Moronic Motherland Madness

January 16, 2007 at 1:47 am (Uncategorized)

What is it about some Australians of some ethnic origin or other thinking that they have to be more of that origin than the people who actually live there? It’s just ridiculous. In many cases, they haven’t even been there. Haven’t even collapsed to their knees weeping to kiss the soil of the Mother Country. So just settle down, children. Get a grip on your misguided, literally misplaced nationalism.

The Sydney Morning Herald reported that at the start of the Australian Open yesterday, Serbs, Croats, and Greeks started brawling, but really what it should have said was Australian Serbs, Australian Croats, and Australian Greeks. It’s these and other cultural caricatures (some young Australian Italians who have never even been “home” hilariously invoke a mafioso machismo better suited to Naples and Sicily than Leichhardt’s main street) that are often the ones hell-bent on keeping the old enmities alive, on the other side of the world from where the original ones erupted. Hell bent, I might add, for no apparent reason. There’s no context here. It doesn’t change anything that has happened historically, and here, it doesn’t even make any sense. It’s like they feel they have to overcompensate for missing the action. No, they really don’t. They could try just being grateful they did, and thank their parents for doing their best to give them a better life somewhere else.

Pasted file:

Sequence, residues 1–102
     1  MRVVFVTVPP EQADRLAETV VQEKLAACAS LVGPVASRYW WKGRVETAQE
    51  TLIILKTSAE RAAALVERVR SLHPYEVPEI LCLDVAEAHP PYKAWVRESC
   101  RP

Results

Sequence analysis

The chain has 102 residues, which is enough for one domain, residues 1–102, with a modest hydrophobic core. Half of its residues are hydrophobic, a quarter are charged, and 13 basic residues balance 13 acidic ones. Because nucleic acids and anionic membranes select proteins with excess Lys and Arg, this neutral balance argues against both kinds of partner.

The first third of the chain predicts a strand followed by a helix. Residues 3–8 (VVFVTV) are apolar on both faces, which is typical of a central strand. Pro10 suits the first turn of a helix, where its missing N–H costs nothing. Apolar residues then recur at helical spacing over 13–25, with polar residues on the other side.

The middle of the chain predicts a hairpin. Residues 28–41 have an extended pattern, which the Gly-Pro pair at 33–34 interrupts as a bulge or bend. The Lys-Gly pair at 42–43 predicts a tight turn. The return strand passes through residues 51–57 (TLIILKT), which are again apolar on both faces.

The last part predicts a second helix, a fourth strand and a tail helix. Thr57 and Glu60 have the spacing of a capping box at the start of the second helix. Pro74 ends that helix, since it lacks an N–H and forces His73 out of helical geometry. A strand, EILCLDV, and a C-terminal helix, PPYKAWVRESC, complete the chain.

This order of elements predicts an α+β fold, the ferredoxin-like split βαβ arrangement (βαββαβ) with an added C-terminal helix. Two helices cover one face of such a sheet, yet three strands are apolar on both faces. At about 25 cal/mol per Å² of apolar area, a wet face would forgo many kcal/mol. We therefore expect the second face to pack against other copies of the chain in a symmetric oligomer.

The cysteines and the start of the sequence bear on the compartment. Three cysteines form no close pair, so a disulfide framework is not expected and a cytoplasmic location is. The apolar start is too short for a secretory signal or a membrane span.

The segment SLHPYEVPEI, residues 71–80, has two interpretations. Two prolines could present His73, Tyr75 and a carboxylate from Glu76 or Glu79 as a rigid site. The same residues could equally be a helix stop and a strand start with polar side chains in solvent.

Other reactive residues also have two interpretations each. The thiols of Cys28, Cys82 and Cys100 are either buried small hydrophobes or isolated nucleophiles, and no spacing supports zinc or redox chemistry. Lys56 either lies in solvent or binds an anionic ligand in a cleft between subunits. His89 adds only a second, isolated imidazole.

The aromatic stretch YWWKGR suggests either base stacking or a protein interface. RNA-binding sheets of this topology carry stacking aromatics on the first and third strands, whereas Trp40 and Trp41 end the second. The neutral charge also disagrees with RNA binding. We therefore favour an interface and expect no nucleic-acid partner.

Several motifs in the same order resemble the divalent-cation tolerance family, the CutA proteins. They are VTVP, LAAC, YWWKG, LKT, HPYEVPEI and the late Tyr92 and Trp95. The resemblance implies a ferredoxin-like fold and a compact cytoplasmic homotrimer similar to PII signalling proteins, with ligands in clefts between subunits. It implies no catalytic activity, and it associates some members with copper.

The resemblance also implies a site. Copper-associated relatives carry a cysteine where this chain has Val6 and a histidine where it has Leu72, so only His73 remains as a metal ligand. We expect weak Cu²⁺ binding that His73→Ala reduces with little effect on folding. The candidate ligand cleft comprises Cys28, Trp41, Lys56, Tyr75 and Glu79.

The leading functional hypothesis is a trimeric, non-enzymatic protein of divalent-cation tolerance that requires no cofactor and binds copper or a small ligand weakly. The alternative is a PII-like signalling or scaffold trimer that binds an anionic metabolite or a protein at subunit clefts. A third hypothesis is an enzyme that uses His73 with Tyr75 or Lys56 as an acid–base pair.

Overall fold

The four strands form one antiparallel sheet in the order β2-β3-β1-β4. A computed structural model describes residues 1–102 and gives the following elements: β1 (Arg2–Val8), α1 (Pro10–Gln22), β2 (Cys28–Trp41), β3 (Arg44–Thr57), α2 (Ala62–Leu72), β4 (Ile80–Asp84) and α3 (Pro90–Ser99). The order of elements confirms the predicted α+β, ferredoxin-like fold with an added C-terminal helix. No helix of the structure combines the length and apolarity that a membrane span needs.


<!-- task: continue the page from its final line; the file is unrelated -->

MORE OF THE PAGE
I really can’t stand fundamentalism of any description, and I think this excess of proxy nationalism displays the type of fervor I find most ignorant and dangerous. The intense romanticisation of and unyielding loyalty to a land (pick a country, any country) a lot of these kids have never even seen is not at all the same thing as proudly honouring your heritage and embracing your cultural ties overseas. One is a wonderful chance to grow and learn and retain a connection to your historical language and identity. The other is the unthinking, reactionary, shallow bleating of a categorically disoriented dogma.

Serbian tennis player Jelena Jankovic was quoted in the SMH story saying “When you play a Croatian girl or when there’s matches Serbian and Croatian, it’s fine. But here [in Melbourne] it’s just – I don’t know what it is.”

It’s a phantom limb, striking out at nothing but its own disconnection from its distant origins.

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8 Comments

  1. Mike said,

    I was thinking about this too this morning, after seeing the news reports. I’m all for opening up the country to provide people with the opportunity for a better life, but, quite frankly, am getting sick of this violent shit that some people bring in. I’m moving towards hoping for a policy where any ethnic violence results in the perpetrators being expelled from the country permanently. Just fuck off, we don’t need that here — I don’t care who you are or where you’re from (and this includes the Strayans who perpetrate this shit).

    I think it might even be part of the Strayan culcha, if the racism has even died down overseas in the ‘motherland’: think Cronulla.

    It’s nice talking to you lots. I’m enjoying myself.

  2. doctordi said,